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Some times you blink and a whole summer passes you by. Also, in Los Angeles, sometimes you find yourself on the precipice of October and confronted by an unusually balmy night and warm winds. On this final night of September—and already the last show in the 2012 summer season at the Hollywood Bowl—a simple bill featuring only Wilco and Joanna Newsom finished everything off just right.
Ultra folksy harpist and singer Joanna Newsom was the night’s only opener (usually shows at the Bowl have at least two or three). Newsom played a sedate and sweet six-song set mixing material from her last album 2012’s Have One On Me and earlier albums Ys and The Milk-Eyed Mender. Each song was rendered with Newsom sitting, singing and delicately plucking her harp. The harp playing is one of the most unique attributes of Newsom’s sound and simultaneously challenging thing to evaluate. Ask yourself, just how often do bands that play “rock shows” actually insist that you focus on quiet, nuanced harp playing? Accompanied only by Neal Morgan on percussion and Ryan Francesconi on banjo/guitar, the center focus was Newson’s nimble and serene plucking. Songs like “In California” and “Cosmia” are spirited treks through folk-derived music done on a scale far beyond the hobbyist level.
Wilco delivered their headline set with powerful range, chemistry and technique. No surprise given their reputation, but still extra long for a show at the Hollywood Bowl, Wilco played a staggering twenty-six songs by the time show had completed. It was two and a half hours of positively daunting showmanship. “I Might” and “Sunken Treasure” showcased the band’s strongest asset, frontman and band leader Jeff Tweedy’s smooth, timeless voice. Tweedy may not be known for excelling in typical notions of vocal range, but what he gives up in that respect he makes up ten times over in the unforgettable tone of his voice. All the while the band’s not-so-secret weapon Nels Cline added color to each song. Many songs Cline would wait patiently, punctuating moments with flourishes of noise or tremolo picking, but on tracks like “Impossibly Germany,” he was a fireball of mounting fretwork. When Cline is given the spotlight in a song, it’s almost like unleashing a hulking behemoth. You don’t as much focus him. You provide a backdrop and then get out of the way.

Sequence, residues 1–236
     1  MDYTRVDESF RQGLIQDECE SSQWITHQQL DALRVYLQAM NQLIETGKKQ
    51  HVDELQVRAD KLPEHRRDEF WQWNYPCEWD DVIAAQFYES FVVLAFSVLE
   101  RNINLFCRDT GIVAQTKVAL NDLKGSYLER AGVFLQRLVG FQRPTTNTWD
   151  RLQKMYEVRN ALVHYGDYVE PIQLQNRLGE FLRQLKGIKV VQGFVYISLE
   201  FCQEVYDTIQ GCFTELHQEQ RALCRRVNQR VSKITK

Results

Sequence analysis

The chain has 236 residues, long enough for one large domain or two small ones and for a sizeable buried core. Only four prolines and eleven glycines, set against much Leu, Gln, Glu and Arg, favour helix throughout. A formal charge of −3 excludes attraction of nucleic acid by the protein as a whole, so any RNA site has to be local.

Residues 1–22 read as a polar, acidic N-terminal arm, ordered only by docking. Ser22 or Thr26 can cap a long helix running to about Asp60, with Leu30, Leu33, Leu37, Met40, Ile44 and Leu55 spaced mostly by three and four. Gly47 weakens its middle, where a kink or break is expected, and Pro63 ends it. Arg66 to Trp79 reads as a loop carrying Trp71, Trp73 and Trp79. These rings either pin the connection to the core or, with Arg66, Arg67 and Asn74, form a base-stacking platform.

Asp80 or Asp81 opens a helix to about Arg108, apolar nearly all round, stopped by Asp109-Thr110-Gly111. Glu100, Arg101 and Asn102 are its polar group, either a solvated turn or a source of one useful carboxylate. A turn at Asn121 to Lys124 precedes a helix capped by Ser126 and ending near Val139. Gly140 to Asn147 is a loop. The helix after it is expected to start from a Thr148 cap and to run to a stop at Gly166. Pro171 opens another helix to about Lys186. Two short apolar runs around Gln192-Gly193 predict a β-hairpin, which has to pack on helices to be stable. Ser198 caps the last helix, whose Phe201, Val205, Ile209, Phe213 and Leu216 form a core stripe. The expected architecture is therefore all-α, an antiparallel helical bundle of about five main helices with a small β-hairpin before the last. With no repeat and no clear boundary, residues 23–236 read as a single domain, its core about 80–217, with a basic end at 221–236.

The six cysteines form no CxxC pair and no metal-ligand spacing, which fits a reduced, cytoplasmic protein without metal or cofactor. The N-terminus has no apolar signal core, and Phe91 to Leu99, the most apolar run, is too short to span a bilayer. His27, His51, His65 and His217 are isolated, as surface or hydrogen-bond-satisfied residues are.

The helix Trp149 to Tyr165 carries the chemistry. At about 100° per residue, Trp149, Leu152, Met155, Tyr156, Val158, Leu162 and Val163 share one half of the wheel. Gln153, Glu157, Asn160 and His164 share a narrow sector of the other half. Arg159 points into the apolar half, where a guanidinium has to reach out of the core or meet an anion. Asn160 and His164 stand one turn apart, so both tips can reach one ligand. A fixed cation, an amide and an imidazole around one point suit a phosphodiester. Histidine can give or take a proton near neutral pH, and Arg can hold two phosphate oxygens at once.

Generally, Wilco has evolved into an amorphous entity. With a stunning attention to detail, the band has the range to go pretty much wherever they feel the need to. Songs can explode in quasi-metal blasts of distortion, envelope with jam-band-like curiosity or charm with a Motown-style swing. “Art of Almost” and “Misunderstood” take this quality to its logistical extreme, eschewing conventional notions of genre in favor of supersonic manifestations of sound. Outside of that, it’s apparent there are two sides of the group as they have evolved over the years. One, the more experimental and noisy side, finds the band deftly navigating the boundaries of dynamic range on songs like “Born Alone” and “I Am Trying to Break Your Heart.” Later, the other side—a more straightforward and Americana approach—is warmly represented in “Always in Love” and “Hummingbird.” “A Shot in the Arm” finishes the set proper to great excitement, but the band manages to work in seven more songs after the first encore break. Two of the seven (“California Stars” and “Hoodoo Voodoo”) from their near legendary collaborative album with Billy Bragg, Mermaid Avenue. Before taking a second encore, the upbeat “I’m the Man Who Loves You” featured a trading series of continually more impressive guitar solos by Cline and multi-instrumentalist Patrick Sansone. The band returned for two more, “Hoodoo Voodoo” and early career track “Outtasite (Outta Mind),” the latter of which a rocking and to-the-point number tailor-made to conclude the event.
Few can take a stage as large as this one after so many years laboring in clubs and theaters, but to their credit Wilco showed what most diehard fans have known conclusively for years: the band is already legendary in status, and will go down in history as one of the most noteworthy bands of their generation.
Wilco Set List:
“Dawned on Me”
“War on War”
“I Am Trying to Break Your Heart”
“Art of Almost”
“Hate it Here”
“Box Full of Letters”
“Always in Love”
“A Shot in the Arm”
-encore break 1-
“Ashes of American Flags”
“Heavy Metal Drummer”
“I’m the Man Who Loves You”
-encore break 2-
“Outtasite (Outta Mind)”